Don't you find Michael Voris 'STB', the most irritating man? I do, but all the same I find him almost compulsive viewing. Whenever I do it is important to remember he is an American polemicist. Some of his broadcasts on the Synod were really very good. In his latest video he suggests that the crisis with our bishops goes back to Pope St John Paul and Benedict, myself I think it goes back much, much further.
The problem is being Pope you can't be in control of everything, you are not the US president, I think unfortunately this is how Michael, like many Americans sees his role. What frames the politics of the Church as much as any government is 'events'. As for bishops a pope can only select from the candidates presented to him, unless he has special knowledge of a particular Church, or the qualities of particular people. Even so the Pope is not the chief executive of the Church, as Benedict said rather sadly to Bp Fellay for the most part his authority stops at the door of his study. In theory the Pope has limitless authority, in practce because he has to act through others and with the co-operation of others, by them can be seriously and severely limited - to the point of impotency.
There is the story that Pope John Paul when presented the with names of Lehman and Kasper to be made Cardinals, at first refused but then was told if he did not give them the red hat, there would be no German money for the reconstruction of the Polish Church. The problem for John Paul was that the Secretariate of State had under Cardinal Casaroli from 1979 -1990 had continued the embrace real-politik, the policy that meant that Vatican II made not a single mention of Communism. Though John Paul had taken control of the Secretariate's relations with the States, it still remained in control of presenting the Pope with the names of future bishops. The saint notoriously, I think, put episcopal appointments low on his list of priorities.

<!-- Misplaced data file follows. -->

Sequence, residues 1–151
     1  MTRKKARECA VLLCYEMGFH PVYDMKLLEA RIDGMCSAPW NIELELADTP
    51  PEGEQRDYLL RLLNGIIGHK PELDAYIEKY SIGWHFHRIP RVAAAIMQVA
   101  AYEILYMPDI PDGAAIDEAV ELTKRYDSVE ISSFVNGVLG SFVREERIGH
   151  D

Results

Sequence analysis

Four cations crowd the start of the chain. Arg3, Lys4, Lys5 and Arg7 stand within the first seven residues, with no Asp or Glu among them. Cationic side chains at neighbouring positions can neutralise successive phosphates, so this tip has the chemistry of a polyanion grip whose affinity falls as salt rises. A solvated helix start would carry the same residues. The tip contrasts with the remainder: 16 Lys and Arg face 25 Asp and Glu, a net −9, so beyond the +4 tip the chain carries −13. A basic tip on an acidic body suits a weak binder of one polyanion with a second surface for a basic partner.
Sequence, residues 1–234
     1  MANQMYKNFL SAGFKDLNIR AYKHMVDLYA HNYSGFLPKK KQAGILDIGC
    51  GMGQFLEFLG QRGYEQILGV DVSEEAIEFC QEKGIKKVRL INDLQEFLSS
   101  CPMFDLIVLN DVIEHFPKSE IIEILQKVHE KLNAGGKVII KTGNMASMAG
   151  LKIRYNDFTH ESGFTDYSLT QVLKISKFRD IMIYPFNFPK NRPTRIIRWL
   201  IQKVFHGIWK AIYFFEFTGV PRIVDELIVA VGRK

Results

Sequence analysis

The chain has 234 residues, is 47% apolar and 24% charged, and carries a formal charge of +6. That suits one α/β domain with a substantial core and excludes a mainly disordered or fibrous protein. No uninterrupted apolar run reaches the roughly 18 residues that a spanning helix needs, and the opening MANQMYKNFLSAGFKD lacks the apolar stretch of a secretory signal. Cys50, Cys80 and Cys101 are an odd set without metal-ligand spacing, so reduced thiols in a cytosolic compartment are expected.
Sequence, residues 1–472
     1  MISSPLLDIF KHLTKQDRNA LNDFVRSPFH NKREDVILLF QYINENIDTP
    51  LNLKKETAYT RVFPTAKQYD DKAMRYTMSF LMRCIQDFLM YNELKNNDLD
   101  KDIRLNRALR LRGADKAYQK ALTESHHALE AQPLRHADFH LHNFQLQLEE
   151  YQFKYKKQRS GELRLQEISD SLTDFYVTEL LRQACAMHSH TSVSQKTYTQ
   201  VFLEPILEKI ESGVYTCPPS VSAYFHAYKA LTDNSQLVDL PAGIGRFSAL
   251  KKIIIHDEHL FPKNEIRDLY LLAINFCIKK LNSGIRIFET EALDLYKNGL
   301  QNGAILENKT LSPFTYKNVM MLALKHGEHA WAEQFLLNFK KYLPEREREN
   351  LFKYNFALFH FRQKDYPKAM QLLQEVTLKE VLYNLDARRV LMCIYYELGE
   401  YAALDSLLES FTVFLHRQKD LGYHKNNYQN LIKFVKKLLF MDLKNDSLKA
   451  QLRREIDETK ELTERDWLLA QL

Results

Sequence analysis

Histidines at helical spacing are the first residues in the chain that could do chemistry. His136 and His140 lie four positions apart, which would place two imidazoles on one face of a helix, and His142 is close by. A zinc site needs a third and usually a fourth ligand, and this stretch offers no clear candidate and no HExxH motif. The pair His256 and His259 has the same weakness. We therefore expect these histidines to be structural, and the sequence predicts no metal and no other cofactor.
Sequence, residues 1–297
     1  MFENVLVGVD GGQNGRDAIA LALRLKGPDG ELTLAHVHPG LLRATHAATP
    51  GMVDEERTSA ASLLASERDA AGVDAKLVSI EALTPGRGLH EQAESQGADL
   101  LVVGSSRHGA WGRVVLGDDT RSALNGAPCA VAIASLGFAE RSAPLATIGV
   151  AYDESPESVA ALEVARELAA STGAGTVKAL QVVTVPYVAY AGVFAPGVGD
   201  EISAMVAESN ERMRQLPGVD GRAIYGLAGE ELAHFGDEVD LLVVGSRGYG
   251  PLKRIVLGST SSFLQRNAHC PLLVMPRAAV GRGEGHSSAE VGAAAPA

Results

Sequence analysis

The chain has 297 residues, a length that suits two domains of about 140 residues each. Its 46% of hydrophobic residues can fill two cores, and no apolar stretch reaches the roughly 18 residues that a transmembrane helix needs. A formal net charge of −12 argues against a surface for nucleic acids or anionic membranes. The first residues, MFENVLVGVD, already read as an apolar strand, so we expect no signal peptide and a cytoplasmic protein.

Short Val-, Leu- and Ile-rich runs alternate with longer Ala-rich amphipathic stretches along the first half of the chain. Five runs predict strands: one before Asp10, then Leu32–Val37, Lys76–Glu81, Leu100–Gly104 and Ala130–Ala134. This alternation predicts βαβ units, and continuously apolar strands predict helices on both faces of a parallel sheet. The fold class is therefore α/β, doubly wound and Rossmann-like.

Voris, I think in his black and white way, is not entirely fair to Pope Benedict either, many of those who were created Cardinal by Benedict were actually already in Cardinalatial Sees. One has to remember of course the terrible feuding andd factonalising that broke out during John Paul's long illness, for Benedict this was the time of the wolves, Voris forgets that for much of Benedict's reign the Secretariate of State was in open rebellion. He forgets the difficulty of simply getting Sodano, Casaroli's successor, out of the Cardinal Secretaries apartments, which give access to the Pope's apartments - one reason for Francis' move. He forgets the refusal of many of Sodano's appointees to even speak to Bertone, let alone work with him, which I am sure in part consequently led to Bertone's own ineffectuality. By the way Bertone's memoirs were supposed to be due out this summer, they should have been an explosive reading, has anyone heard anything of them? Is he waiting for an appropriate time?
Benedict might well be as guilty as Voris suggests but one has to remember, Benedict's fundamental idea, that truth always is eventually victorious, he believed in the Tradition. As for his resignation history will tell whether it was good or bad. Voris as an American conservative sees it as bad. I as a European trad am open to wait and see. Conservatives see things in the short term, trads look at the Tradition, I think we tend to be more flexible and more radical. As I keep saying Vatican One's idea of the Papacy is far from the inflated Ultramontanism we have today, or certainly distant from the teaching of Vatican I. Benedict's resignation is a way, I hope, of rethinking the papacy, and returning it to its more traditional purpose.
Incdently Voris earlier in the year was attacking Cardinal Dolan for his support of the New York St Patrick's day parade. A priest of Dolan's diocese, not a great supporter of his Archbishop, told me that the Catholic organisers of the parade were very concerned that it was becoming secularised - hence the inclusion of an LGBT group - they wanted Dolan to take part as Grand Marshall to reassert the Catholicism of the parade and the more orthodox party on the committee. It wasn't as Voris played it, that Dolan was (necessarily) supportive of the agenda of those who took part, on the contrary he was supportive of the Catholic party.